¶ 31 Skagit County provided White with a 2,111–page exemption log. The log listed each ballot withheld by its serial number and gave, for each, the same brief explanation.

RCW's 29A.60.125, 29A.60.110 and WAC 434–261–045 (which are other laws preventing disclosure pursuant to RCW 42.56.070(1) ) require ballots to remain in secure storage unless opened by a court or canvassing for a specific authorized purpose.

¶ 32 White contends Skagit County's exemption log was unsatisfactory because it did not explain why the identified provisions for secure ballot storage applied to digital images and metadata. We disagree. The statute requires a “brief explanation,” not an explanatory brief. Skagit County's citation to two statutes and a regulation enabled White, and ultimately the trial court, to assess whether or not images of voted ballots are subject to the same provisions for secure storage as the originals.

¶ 33 Island County took a different approach. Instead of an exemption log identifying each ballot by serial number, Island County provided White with a single explanatory letter:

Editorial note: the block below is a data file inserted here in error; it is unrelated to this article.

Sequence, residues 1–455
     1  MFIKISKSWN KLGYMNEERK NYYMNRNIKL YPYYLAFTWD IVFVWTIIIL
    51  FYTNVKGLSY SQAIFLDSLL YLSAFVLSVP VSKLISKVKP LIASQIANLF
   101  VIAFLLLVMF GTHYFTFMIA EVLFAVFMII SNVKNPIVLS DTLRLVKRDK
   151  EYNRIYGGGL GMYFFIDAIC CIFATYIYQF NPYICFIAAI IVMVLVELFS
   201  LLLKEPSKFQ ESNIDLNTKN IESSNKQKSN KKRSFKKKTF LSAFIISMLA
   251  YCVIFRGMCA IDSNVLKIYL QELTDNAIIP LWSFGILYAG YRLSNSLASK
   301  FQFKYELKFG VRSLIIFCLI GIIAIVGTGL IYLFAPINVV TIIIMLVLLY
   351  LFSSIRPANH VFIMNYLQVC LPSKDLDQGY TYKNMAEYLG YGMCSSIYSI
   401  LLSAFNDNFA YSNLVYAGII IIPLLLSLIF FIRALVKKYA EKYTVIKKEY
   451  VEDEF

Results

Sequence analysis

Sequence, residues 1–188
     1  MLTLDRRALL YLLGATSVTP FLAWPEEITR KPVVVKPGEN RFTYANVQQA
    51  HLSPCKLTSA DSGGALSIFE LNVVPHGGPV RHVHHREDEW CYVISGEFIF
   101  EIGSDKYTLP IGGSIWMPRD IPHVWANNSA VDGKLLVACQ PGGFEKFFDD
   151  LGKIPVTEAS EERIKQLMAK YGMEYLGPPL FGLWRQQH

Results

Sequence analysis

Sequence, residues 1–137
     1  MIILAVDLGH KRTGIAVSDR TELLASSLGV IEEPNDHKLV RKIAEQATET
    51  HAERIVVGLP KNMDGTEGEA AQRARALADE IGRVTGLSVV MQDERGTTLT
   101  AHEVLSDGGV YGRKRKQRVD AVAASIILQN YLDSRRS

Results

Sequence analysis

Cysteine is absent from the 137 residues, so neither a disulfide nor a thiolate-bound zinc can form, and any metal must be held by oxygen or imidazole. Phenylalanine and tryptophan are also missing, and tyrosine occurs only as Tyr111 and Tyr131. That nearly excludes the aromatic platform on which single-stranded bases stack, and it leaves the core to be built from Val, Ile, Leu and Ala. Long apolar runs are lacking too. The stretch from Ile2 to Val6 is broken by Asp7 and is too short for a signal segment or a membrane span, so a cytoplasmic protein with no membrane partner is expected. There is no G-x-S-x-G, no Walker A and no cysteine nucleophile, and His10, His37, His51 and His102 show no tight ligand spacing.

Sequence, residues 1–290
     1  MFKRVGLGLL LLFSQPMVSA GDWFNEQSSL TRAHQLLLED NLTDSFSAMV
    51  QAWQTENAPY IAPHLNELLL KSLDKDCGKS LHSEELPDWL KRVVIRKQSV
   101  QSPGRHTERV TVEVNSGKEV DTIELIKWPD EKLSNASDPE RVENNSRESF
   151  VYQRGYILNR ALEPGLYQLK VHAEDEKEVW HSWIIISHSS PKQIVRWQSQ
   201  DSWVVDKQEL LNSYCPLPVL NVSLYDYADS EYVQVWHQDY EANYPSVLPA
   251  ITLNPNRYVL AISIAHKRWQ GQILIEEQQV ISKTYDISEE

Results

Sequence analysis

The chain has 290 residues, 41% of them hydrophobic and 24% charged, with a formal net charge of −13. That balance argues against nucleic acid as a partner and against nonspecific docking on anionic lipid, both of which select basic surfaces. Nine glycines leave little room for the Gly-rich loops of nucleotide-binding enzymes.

The records you requested are digital files and associated metadata and properties for ballots in the November 5, 2013 general election. The county received one ballot by fax for this election. Only two voters voted by voting machine. The County received 28 e-mailed ballots for this election as of November 6, 2013. And the number of ballots scanned so far for this election is 28,668.

For each of the scanned ballots a corresponding digital image file exists for each side of each ballot; each ballot for this election is a single page with two sides. There is metadata associated with each digital image file and with the e-mail ballots.

Because the County is not permitted to access the digital files or e-mails for reasons described below, the County cannot list each digital file and e-mail at this time. Similarly, the County is unable to access the specific date each file or e-mail was created. Furthermore, any image files or metadata containing information regarding the sender of the ballot (such as the initials or signature of the voter handwritten on the ballot or metadata associated with the e-mails) is exempt from disclosure pursuant to RCW 29A.84.420.

1. Electronic or digital ballot image files. RCW 29A.40.110, RCW 29A.60.125 and RCW 29A.60.110 require that ballots be sealed in secure storage at all times other than at those specific times and for those specific purposes set forth by statute. See also WAC 434–261–045 and WAC 434–235–040(3). This requirement

applies to government employees and officials as well as to others. Consequently, making or releasing copies of ballots without an order from a Superior Court Judge would constitute a violation of these statutes. Pursuant to RCW 29A.04.008, this applies to copies of ballots in any format, including copies of digital ballot images or e-mailed ballots.